Jack The Ripper And The Catgut Noose

As Christmas 1888 approached, debate was raging in the newspapers as to whether the recent murder of Rose Mylett had been carried out by the perpetrator of the previous Whitechapel murders.

The coffin of Rose Mylett.
Viewing The Coffin of Rose Mylett.


The Newcastle Daily Chronicle, in its edition of Monday the 24th of December, 1888, opined that this latest murder might provide a solution as to why no cries or screams had been heard in the case of the previous victims:-

“Strange are the surmises to which the latest exploit of the London man-fiend has given rise.

At daybreak on Thursday morning, the body of a wretched woman was found at the bottom of a cul-de-sac in the East End of London, distant about half a mile or so from the scene of the previous midnight horrors.


A careful examination of the remains is now thought to indicate that the miserable creature was murdered by means of a catgut noose deftly thrown round her throat and manipulated so as to induce quick strangulation.

Except in so far as there has been no use of the knife, the circumstances of the assassination are identical with those of the recent Whitechapel crimes, and there seems great reason to fear that  Jack the Ripper” has once more been upon the war-path.

Dread of interruption on the part of the demoniac might account for the absence of cutting and mutilation in this case.


It is now supposed that strangulation by means of a catgut noose has been the first step in the case of every victim claimed by the assassin.

The surmise accounts for the fact that in no single instance was any screaming heard, even by people quite close at hand, and the procedure would also permit the murderer so to place himself when using the knife as to avoid serious soilment with blood.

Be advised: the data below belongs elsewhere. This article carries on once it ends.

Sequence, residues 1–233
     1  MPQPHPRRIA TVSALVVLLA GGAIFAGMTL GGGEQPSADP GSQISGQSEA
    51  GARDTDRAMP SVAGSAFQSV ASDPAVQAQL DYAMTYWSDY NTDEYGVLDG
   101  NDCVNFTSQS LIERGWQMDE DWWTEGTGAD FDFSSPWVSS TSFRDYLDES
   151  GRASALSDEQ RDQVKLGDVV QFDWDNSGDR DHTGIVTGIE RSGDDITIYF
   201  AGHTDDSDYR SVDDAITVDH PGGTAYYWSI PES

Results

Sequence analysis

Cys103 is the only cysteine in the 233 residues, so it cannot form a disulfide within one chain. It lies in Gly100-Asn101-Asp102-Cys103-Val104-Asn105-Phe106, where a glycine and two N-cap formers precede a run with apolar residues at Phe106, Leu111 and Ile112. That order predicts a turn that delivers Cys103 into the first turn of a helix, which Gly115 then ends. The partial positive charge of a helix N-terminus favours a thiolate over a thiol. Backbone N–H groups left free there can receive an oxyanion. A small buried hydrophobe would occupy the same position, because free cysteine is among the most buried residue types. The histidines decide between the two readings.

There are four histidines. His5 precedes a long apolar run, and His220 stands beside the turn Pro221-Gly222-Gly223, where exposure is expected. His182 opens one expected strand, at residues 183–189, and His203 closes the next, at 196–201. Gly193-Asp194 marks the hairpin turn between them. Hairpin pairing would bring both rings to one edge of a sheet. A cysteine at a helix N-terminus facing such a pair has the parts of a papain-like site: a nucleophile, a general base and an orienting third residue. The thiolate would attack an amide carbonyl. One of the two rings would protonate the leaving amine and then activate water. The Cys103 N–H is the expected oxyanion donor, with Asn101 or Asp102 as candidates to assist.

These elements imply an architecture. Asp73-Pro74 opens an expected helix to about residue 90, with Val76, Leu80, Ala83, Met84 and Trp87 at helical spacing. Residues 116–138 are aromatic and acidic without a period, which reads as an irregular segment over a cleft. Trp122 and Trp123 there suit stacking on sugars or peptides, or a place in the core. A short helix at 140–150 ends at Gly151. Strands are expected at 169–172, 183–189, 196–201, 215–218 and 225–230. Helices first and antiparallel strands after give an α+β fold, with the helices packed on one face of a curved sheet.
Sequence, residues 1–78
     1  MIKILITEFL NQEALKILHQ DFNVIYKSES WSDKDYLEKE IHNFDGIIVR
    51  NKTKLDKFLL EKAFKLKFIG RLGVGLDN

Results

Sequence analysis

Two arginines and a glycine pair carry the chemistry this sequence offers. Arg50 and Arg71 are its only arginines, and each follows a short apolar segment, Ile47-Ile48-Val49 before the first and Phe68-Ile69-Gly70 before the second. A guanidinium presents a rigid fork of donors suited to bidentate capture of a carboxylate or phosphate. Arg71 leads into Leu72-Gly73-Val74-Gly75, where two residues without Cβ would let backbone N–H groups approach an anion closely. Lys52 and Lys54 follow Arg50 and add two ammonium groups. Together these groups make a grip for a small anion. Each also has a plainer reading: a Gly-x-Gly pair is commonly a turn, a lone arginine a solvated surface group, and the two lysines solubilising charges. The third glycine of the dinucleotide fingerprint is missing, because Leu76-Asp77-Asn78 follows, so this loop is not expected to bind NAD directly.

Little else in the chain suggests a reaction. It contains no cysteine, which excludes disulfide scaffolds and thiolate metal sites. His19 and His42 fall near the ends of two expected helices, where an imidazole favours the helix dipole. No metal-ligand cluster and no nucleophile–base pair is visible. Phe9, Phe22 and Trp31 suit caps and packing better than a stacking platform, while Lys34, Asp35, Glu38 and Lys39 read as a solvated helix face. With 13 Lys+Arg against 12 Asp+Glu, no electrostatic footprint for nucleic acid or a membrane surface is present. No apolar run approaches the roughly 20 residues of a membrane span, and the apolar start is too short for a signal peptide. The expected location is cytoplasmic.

All trace of the strangulation would, of course, be destroyed when the victim’s throat was cut.


From this belief, which is now held by persons who have had opportunities of closely investigating the circumstances of each murder, proceeds a clue  – very vague and indeterminate, it is true – as to the nationality of the prowling demon.

Several circumstances previously known have pointed to the possibility of an American origin of the outrages.

The famous letters were distinctly transatlantic in phraseology; and it is remembered that a similar series of murders, accompanied by mutilation, occurred in one of the Southern States, a few years ago.


The use of a catgut noose by the assassin points in the same direction.

A like appliance is used extensively in America by police officers for binding the wrists of refractory prisoners. It is more easily applied than the familiar “snips” of Britain, and it is certainly more effectual.

A rough handcuffed by a catgut noose can only continue resistance at the cost of agonising pain, and whether or not he has a bad time of it en route to the police station depends entirely upon his good behaviour.

Possibly there may be nothing in these surmises of transatlantic influence, but where not the smallest direct evidence as to the personality of so desperate a criminal is to be obtained, slight indications must not be passed over without notice.”